Shifter: “Latin America is not in good shape today”

Michael Shifter at the Inter-American Dialogue Francisco Arteaga

Michael Shifter, president of the Inter-American Dialogue, was interviewed by The Washington Diplomat on the current state of Latin America. The conversation examined the continuing migration on the US border with Mexico, the widespread regional discontent during the Covid-19 pandemic, and the lack of integration among Latin American countries as they continue fighting the effects of the pandemic.   

Comments from Michael Shifter:

“Latin America is not in good shape today. Social conditions, already bad before the pandemic, have gotten a lot worse. There’s widespread discontent, and the demands of societies exceed the capacities of governments and political leaders to respond effectively.”

“The outlook today is somber. There are protests in the street in nearly all countries, whether their governments are of the left or the right. What’s also a problem is the lack of integration among the countries. The pandemic was a test to see whether governments were able to work together to face this terrible shock that has ravaged the entire region. And the sad reality is that they did not come together. They looked inwards.”

“Brazil is obviously a critical player, and to have a president who has terribly mismanaged the pandemic at the cost of many lives, and who denies climate change and who has intolerant positions towards Afro-Brazilians, women and the LGBT community, is a major setback for the entire hemisphere. Mexico’s [President Andrés Manuel] López Obrador also has not managed the pandemic very well.”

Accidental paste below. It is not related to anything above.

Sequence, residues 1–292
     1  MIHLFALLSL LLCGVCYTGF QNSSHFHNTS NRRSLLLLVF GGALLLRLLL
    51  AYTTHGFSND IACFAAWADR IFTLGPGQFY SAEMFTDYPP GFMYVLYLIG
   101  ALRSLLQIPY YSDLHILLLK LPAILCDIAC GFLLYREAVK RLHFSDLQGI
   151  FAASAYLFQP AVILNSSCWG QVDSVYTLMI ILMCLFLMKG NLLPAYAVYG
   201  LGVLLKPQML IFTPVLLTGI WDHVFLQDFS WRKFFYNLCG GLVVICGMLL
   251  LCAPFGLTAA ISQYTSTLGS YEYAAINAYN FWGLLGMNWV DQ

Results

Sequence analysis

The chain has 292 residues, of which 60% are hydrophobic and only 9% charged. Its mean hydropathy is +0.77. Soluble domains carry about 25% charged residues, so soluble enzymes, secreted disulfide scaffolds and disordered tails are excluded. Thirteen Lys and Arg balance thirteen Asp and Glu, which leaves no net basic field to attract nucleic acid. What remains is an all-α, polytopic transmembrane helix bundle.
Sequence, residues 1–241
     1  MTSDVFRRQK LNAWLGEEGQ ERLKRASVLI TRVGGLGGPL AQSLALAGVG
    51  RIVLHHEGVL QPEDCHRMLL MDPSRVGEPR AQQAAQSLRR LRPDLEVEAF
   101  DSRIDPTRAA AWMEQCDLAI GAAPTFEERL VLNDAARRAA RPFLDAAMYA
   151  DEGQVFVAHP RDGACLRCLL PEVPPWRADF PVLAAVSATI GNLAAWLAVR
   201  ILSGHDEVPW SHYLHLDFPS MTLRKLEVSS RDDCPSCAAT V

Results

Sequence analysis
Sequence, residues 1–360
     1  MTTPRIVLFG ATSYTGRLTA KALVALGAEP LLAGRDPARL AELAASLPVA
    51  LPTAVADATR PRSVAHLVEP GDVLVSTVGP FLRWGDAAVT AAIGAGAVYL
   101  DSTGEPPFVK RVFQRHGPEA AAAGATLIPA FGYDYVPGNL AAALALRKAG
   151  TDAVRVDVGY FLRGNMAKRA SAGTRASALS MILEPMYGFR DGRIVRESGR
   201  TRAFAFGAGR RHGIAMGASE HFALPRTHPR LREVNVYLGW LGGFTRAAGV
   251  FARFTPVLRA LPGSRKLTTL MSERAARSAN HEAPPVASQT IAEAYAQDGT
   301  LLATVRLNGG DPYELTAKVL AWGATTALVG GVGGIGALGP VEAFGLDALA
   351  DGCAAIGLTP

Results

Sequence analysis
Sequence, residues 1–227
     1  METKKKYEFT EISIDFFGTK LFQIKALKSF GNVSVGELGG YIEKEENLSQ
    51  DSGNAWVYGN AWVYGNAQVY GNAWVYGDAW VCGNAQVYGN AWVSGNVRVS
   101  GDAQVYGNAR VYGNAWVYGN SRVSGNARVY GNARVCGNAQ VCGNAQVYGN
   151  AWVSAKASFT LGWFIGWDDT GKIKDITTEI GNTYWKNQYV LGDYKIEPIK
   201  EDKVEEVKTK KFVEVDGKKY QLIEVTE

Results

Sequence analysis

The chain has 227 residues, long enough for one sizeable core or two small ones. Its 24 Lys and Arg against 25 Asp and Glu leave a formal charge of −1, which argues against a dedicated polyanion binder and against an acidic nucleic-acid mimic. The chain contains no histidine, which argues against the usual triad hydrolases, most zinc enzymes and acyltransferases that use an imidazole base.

“It’s hard to fathom the campaign of terror [in Nicaragua] happening in the 21st century, but the United States seems relatively impotent in what it can do. Ortega is utterly defiant, and most of the rest of the region is quite indifferent, sadly. One would have expected a stronger reaction.”

“The Biden administration’s agenda is driven largely by concerns about migration. That’s true in Central America, and also true given the crises in Haiti and Cuba. The administration wants to support democracy in both places, but domestic politics is paramount. Biden didn’t keep his campaign promise of relaxing restrictions on remittances and travel for Cuban-Americans.”

Read the full interview here.


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